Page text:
that they mean the opposite of what is understood, Naji clarifies what he means
by the term “mercy”:
Some
may be surprised when we say that the religious practice of jihad despite the
blood, corpses, and limbs which encompass it and the killing and fighting which
its practice entails is among the most blessed acts of worship for the servants…
Jihad is the most merciful of the methods for all created things and the most
sparing of the spilling of blood.
Tapson reveals the “stage” or “phase” policy of
Naji’s overall strategy. It comports with Stephen Coughlin’s insistence, in Catastrophic
Failure: Blindfolding America in the Face of JIhad
, that to effectively
fight the enemy, one must first grasp and integrate into one’s own warfighting
doctrine a sound knowledge of that of the enemy.
It is immediately apparent
from reading it that the logic of the work and the worldview of the author is [sic] significantly different from that
familiar to many in the West. The structure is both more circular and
multi-active than linear and sequential, and the world is viewed through an
Islamic and eschatological lens. This is important because although beating
ISIS militarily may be straightforward, in
order to defeat the movement we have to defeat them in terms that they
recognize
, and the logic of their campaign plan and narrative may not be
apparent to us. A force can be defeated militarily, but a movement is only
defeated when it recognizes itself as
defeated
in its own terms; the narrative of any campaign must reflect this.
(Italics mine)
A PDF copy of The
Management of Savagery
can be found here.
On the other hand – on the side of Western
civilization – we can also cite John David Lewis’s Nothing
Less Than Victory:
Decisive Wars and the Lessons of History
, published in 2010, in which Lewis
stresses throughout that victory over an enemy must move from demoralizing him to causing him to concede defeat and surrender. I reviewed this important
work in 2012 on Rule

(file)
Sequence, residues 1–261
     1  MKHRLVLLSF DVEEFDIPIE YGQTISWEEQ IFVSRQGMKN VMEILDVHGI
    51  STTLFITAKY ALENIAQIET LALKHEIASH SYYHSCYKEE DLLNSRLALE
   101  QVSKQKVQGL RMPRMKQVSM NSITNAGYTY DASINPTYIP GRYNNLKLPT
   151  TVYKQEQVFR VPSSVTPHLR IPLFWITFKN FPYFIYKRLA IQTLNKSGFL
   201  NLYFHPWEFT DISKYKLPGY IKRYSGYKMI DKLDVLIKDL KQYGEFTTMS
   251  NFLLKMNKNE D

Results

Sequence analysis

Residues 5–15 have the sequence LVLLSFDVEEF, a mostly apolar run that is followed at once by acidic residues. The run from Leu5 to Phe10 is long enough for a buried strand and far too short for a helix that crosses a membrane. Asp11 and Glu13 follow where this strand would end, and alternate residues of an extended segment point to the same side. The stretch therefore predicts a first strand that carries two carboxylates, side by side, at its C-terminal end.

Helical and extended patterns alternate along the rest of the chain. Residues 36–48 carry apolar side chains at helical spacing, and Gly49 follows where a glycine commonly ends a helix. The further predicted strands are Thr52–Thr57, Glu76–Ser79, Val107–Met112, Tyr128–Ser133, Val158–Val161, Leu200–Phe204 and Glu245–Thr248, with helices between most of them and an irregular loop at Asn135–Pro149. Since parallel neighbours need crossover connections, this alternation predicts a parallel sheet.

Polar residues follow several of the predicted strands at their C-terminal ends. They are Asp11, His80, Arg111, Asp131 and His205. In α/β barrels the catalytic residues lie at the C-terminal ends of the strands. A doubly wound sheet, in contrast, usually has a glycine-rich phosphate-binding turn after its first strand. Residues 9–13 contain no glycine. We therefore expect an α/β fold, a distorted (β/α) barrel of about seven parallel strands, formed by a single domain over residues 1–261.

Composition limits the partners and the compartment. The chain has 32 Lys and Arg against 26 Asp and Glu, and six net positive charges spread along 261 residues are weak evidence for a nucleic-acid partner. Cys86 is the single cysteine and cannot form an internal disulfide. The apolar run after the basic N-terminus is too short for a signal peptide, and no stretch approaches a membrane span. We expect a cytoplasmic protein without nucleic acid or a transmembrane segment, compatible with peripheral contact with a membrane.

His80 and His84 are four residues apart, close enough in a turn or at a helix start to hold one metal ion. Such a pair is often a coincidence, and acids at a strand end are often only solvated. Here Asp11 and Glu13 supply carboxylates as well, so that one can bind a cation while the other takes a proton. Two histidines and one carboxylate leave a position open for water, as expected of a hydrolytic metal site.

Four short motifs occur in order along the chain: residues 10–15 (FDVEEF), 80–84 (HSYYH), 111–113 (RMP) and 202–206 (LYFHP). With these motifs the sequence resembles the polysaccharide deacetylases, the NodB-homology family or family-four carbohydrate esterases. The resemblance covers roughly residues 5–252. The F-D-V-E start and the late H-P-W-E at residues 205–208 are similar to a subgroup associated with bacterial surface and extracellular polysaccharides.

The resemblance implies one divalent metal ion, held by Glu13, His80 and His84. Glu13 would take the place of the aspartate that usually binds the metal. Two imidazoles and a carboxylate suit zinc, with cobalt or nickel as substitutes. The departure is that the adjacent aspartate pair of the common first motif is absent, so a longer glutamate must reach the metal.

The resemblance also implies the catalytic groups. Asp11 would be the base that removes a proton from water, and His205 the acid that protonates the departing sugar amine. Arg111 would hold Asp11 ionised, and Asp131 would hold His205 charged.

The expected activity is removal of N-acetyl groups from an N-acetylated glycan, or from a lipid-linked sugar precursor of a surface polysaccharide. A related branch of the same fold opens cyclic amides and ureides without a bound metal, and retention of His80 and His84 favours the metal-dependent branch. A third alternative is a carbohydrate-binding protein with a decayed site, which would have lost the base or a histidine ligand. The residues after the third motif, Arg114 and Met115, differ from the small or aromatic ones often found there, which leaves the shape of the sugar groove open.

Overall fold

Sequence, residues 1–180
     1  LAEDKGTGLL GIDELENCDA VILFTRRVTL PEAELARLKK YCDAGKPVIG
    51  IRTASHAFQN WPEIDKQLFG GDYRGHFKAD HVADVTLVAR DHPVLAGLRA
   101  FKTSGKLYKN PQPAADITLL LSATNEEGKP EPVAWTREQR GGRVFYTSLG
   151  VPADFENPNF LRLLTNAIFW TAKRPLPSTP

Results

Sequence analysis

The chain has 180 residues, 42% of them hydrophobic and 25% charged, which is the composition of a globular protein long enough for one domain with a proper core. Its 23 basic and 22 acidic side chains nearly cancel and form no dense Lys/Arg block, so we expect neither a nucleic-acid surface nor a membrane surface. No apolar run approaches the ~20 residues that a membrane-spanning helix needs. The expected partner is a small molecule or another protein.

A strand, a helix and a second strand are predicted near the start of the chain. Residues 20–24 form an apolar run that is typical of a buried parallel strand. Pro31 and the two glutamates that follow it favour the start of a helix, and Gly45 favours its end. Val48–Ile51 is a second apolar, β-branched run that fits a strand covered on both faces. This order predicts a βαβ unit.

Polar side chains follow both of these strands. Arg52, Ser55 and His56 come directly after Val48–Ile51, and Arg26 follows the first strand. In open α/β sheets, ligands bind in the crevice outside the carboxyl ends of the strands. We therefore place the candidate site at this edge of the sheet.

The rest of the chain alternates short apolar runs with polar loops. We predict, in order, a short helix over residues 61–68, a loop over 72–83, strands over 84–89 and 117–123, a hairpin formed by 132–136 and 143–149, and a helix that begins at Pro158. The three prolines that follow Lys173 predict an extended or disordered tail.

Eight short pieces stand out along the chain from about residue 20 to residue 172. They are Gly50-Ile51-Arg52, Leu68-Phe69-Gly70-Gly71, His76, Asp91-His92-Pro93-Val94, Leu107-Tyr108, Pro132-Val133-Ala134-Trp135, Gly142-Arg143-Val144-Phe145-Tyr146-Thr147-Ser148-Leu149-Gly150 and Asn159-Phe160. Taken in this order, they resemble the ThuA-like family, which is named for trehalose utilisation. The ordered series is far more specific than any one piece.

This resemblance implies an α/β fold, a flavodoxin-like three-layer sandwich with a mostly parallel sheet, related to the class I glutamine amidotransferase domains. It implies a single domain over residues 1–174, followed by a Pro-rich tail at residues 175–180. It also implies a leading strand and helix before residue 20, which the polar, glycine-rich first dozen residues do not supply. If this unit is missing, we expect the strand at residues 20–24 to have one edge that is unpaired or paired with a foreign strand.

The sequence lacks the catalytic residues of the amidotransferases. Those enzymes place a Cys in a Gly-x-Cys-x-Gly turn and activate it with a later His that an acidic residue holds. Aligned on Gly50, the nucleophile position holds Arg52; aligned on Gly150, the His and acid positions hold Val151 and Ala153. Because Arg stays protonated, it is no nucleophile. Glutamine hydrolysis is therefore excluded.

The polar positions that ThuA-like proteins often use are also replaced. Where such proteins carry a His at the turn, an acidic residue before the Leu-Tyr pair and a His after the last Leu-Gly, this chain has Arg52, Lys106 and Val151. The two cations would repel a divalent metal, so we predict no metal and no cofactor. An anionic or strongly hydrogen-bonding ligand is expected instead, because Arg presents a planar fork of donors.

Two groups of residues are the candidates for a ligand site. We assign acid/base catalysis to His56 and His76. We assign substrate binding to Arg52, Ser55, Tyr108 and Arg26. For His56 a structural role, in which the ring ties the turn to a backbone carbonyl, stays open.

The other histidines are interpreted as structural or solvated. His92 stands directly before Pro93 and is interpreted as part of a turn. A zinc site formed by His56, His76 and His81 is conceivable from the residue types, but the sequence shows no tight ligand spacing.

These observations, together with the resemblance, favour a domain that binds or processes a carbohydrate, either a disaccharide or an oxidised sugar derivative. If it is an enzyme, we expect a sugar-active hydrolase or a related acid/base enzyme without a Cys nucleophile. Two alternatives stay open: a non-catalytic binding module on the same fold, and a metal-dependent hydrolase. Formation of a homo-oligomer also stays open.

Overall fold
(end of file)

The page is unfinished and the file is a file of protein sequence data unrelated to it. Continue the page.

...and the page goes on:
of Reason
.
Lewis…does
not immediately discuss 20th century conflicts, but wars of antiquity, using
them as overtures to his discussions of the Civil War and World Wars One and
Two, underscoring the need, in warfare, of a government to have the will to identify an enemy and his morality or
ideology
, and then the will to fight the war on its own terms, and not
those of the enemy. What is more, the attacked nation must be willing to eviscerate the enemy’s will to
fight
on to foreshorten the conflict and possibly establish a peace
beneficial to the former opponents. (Italics
mine)
But to accomplish the demoralization, the loss of
will to fight, and concession of defeat in an enemy, the enemy’s total doctrine
or ideology must be understood trunk, root, and branch. This is a policy our
current intelligence and military communities refuse to adopt from a
politically correct notion that do so would offend the enemy’s sensibilities
and reflect,” among other things, “Islamophobia,” probably racism, and the
hubris of “imperialistic superiority.” Nazi Germany and Imperial Japan, writes
Lewis, were not defeated until they felt they were defeated. It took two atomic
bombs to wring a surrender from Japan.
And there is evidence that Nazi Germany was crying
uncle before American tanks were rolling into Germany. But FDR, in apparent
accommodation to Josef Stalin, brushed off German High Command overtures to sue
for peace to allow the Soviets to “share in the glory” of defeating Germany and
also to allow them to gobble up half of Germany and most of Eastern Europe. See